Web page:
(Credentials - I teach Unitarian Sunday school. In any first and second grade class I have believers and disbelievers, new age woo kids and Christians and atheists - and we respect them all. And - while Unitarian kids are almost universally insufferable in middle school - if they make it through, they are amazing).

Be honest with her. Kids are very emotionally resilient, and can deal with the truth or with heart-felt honest opinions.

Thanks for the reassuring words. Of course there’s another thread currently about very young children committing suicide, which is a horrible thing to think about. I’d hate to think of my granddaughter wanting to end her life to see her dead great-grandmother and/or her aunt’s dog.

I wouldn’t worry about suicide too much. Its statistically unlikely. And she is very likely aware that its a one way trip - you don’t visit heaven and come back - and she’d miss the people here.

Wanting to visit heaven is not the same thing as wanting to end your life. For a six year old, wanting to visit Santa at the North Pole doesn’t mean they are about to go winter camping.

Yeah. Six year olds have more understanding of that sort of thing than you would think.

I have only taken a couple of developmental psychology classes while on my way to a masters in education, but my understanding (and my experience with raising a 6 year old right now backs this up) is that 6 is a developmentally appropriate time to start grappling with the idea of death. It’s pretty normal and actually sort of important that she processes this stuff at this stage of her life. As her Grandparent you just need to let her know that you are there for her now and love her and that it’s ok.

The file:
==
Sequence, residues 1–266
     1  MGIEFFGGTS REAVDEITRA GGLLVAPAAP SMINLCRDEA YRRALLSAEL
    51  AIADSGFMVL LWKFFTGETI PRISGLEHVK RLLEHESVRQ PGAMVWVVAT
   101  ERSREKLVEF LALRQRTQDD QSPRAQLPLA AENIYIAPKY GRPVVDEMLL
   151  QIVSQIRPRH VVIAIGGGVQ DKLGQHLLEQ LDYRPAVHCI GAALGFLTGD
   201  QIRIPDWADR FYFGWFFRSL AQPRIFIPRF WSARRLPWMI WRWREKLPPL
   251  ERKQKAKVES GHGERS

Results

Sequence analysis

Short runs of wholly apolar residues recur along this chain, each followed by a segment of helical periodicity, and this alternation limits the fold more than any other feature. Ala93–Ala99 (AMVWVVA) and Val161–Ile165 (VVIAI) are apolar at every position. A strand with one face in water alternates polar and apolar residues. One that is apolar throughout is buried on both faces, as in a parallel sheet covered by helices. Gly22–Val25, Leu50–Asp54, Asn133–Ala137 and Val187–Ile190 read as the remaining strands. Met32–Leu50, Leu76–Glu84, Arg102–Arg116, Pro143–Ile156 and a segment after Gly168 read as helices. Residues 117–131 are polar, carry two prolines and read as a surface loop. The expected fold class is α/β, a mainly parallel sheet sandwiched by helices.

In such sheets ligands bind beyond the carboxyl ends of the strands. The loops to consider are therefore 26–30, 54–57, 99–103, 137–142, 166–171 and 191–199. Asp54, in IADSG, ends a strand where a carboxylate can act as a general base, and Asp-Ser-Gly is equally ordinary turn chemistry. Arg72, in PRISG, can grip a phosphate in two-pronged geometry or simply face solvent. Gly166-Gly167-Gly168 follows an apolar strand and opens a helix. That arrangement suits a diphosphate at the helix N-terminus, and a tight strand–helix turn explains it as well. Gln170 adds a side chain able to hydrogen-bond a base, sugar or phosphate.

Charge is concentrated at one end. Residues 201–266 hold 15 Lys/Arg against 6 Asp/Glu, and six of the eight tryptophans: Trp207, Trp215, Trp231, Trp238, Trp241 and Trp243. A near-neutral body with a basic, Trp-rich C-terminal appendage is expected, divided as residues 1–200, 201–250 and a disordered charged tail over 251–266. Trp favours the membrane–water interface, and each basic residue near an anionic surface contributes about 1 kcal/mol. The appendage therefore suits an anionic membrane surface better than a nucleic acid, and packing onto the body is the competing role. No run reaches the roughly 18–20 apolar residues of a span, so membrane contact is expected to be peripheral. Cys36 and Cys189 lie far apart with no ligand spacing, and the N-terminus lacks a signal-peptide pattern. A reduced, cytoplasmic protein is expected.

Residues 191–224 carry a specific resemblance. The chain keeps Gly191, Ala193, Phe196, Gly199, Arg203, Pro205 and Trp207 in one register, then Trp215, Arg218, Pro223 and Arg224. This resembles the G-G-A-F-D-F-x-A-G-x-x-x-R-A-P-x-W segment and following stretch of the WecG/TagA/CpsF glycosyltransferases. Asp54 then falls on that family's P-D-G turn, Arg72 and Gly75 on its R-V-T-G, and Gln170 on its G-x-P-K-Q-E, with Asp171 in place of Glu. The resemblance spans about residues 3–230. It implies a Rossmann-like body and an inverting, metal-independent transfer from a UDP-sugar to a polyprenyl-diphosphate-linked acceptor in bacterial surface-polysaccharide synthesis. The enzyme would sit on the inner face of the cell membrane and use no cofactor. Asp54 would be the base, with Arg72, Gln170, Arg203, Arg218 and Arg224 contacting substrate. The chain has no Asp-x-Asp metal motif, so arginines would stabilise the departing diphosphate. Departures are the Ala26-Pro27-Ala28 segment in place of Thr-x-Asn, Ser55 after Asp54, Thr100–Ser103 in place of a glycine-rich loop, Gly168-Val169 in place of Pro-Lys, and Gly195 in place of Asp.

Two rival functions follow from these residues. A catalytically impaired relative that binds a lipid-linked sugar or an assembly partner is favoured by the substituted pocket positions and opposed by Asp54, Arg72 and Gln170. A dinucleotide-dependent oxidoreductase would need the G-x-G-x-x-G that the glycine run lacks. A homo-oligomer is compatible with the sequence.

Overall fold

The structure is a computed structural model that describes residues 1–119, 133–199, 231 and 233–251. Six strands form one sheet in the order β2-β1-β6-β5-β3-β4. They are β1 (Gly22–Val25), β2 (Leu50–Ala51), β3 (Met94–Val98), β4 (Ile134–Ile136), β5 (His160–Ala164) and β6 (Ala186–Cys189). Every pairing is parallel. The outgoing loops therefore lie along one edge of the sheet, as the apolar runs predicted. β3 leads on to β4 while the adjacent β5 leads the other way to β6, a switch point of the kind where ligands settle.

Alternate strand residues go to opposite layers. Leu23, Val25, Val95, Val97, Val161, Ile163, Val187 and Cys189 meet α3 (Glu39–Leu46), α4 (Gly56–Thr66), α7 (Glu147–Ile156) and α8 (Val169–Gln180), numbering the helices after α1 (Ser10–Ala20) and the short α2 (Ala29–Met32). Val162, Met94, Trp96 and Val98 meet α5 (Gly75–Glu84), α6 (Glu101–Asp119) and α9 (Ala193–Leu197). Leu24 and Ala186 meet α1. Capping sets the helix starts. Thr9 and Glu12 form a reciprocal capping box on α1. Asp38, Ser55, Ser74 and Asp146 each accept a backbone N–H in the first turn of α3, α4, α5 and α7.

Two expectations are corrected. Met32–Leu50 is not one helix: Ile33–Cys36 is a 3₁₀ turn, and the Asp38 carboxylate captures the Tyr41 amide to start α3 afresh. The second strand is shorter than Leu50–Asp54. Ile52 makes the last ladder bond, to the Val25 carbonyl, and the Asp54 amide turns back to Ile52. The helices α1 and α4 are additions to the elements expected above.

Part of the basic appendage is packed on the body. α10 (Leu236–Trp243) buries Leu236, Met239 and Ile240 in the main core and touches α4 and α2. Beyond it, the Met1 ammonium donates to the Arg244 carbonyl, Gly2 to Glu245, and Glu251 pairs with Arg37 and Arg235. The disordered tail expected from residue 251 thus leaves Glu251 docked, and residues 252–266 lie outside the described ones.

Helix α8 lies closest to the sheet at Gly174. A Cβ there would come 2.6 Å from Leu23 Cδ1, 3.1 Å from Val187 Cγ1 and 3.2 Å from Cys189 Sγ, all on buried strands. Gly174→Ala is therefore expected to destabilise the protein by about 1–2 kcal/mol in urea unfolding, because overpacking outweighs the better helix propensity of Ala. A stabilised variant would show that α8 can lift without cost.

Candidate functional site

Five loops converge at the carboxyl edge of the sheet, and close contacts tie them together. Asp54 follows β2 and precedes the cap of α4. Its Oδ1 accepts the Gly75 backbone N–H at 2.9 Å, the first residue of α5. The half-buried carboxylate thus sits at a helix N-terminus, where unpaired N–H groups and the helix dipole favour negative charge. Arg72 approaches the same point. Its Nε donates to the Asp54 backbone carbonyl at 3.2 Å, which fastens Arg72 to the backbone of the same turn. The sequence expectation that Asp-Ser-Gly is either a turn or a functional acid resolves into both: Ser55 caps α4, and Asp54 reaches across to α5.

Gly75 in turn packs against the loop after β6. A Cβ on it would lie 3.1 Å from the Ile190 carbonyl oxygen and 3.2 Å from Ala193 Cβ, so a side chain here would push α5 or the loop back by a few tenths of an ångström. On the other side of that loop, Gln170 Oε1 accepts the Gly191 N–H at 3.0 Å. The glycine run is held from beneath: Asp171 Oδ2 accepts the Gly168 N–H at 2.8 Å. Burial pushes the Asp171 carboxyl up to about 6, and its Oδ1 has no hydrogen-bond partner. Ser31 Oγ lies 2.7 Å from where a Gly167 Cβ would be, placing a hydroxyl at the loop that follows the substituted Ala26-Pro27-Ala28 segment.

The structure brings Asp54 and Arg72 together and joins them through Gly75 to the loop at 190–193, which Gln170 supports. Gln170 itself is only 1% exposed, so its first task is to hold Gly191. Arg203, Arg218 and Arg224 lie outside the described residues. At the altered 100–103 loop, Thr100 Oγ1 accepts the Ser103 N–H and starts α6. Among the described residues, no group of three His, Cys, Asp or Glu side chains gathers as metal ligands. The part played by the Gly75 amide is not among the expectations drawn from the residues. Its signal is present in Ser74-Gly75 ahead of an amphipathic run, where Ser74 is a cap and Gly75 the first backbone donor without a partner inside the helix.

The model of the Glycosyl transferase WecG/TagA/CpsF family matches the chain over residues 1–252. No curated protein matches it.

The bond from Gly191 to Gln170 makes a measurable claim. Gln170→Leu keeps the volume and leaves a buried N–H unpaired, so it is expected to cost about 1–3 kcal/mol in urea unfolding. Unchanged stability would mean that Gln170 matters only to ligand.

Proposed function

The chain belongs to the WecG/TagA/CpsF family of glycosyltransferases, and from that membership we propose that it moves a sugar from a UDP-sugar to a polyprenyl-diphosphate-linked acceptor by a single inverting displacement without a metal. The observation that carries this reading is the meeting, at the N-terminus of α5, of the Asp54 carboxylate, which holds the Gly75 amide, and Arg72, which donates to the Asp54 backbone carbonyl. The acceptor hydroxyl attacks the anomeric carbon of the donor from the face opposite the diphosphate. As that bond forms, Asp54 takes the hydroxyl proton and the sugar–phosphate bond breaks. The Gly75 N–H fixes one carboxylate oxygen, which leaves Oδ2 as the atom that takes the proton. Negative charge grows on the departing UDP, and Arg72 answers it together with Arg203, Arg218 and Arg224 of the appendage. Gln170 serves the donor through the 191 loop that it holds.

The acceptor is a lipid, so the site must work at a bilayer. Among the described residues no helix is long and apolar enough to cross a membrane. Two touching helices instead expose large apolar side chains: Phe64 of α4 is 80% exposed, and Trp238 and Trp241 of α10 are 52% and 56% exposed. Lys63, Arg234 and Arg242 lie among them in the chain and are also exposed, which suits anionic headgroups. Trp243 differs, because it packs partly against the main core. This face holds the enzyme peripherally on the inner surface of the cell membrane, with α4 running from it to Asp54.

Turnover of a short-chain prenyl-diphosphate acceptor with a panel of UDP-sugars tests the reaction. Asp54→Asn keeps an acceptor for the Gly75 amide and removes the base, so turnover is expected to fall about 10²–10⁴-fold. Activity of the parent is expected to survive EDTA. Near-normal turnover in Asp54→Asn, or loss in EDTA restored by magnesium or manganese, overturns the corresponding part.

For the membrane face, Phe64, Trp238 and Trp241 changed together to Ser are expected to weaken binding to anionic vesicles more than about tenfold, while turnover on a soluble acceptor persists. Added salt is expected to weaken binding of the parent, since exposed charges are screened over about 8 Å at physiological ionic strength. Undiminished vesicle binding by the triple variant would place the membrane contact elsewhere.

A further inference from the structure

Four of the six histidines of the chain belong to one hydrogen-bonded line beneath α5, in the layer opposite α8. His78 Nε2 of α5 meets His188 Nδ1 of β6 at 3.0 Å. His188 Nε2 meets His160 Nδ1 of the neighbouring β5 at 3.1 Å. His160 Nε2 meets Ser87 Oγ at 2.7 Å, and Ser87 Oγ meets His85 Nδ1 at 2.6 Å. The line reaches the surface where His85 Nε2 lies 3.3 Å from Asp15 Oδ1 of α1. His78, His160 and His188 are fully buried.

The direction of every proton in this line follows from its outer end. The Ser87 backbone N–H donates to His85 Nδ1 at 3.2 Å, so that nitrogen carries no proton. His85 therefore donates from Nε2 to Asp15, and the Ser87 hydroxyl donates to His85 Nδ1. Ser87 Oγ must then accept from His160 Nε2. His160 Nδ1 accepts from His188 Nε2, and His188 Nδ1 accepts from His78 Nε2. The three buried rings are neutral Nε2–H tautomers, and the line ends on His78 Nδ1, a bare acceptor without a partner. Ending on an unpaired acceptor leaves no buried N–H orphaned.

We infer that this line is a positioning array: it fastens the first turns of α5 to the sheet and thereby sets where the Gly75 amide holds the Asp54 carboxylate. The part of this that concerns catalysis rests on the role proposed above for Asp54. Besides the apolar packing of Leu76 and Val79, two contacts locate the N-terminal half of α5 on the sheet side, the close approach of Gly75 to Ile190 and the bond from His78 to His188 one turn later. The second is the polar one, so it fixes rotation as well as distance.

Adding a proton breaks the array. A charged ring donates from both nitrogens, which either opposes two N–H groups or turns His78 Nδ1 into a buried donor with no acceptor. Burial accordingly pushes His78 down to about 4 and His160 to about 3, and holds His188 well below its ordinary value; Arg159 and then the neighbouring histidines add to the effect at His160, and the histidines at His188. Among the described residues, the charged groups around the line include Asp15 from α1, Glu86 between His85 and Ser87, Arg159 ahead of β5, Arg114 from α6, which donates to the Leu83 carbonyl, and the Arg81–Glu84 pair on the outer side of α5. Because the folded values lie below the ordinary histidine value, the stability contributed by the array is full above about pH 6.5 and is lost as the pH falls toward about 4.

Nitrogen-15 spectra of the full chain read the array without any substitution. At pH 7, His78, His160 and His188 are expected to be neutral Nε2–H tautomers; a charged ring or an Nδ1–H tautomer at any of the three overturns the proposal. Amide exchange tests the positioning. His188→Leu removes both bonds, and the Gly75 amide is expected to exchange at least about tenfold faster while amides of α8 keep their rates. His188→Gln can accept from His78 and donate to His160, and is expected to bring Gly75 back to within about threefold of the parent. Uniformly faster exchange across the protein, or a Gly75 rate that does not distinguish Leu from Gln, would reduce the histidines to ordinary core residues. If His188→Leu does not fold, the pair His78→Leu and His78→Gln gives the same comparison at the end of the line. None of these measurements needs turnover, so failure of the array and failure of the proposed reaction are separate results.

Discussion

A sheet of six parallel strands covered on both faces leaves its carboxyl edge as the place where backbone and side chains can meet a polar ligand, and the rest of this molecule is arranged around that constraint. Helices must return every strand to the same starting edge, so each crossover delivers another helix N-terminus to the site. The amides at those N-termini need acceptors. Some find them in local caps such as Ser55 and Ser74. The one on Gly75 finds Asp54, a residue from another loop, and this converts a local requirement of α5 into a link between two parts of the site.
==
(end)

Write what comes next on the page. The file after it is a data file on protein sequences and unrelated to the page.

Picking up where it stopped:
I discuss what my views are (that you simply do not exist anymore). AND I also discuss what other people out there think about the subject - heaven, reincarnation, etc.

And I say the kid can choose to think whatever he/she so desires… BUT to be mindful that some people out there are not very intelligent - can only fathom what their religion teaches them - are not open to ANY other ideas. So best to not discuss this with other people sometimes or not say what you believe if it is contrary to other people’s beliefs. [Respect the views of other people.]

We made a point of not shielding our kids from the existence of death. I remember bringing my eldest to a great aunt’s wake when she was a toddler. All the old relatives welcomed the distraction. And when our elderly neighbor Joe died, we brought the kids to the wake. They knew Joe, and we wanted them to now why they wouldn’t be seeing him again. And then there was the time we found that dead body while hiking through the woods… :eek:

I remember burying dead birds we found, pet fish and the like. Didn’t make a big deal out of it or anything. We are atheist, and had our kids go to UU RE classes. To us, the finality of death was a part of teaching our kids to value their present existence. Not aware of THAT aspect of our parenting having overly fucked up our kids. :dubious:

I think in some ways modern youth are too sheltered from the reality of death.

Americans in general are too sheltered from the reality of death. We somehow think we can avoid it. But that is a whole different thread…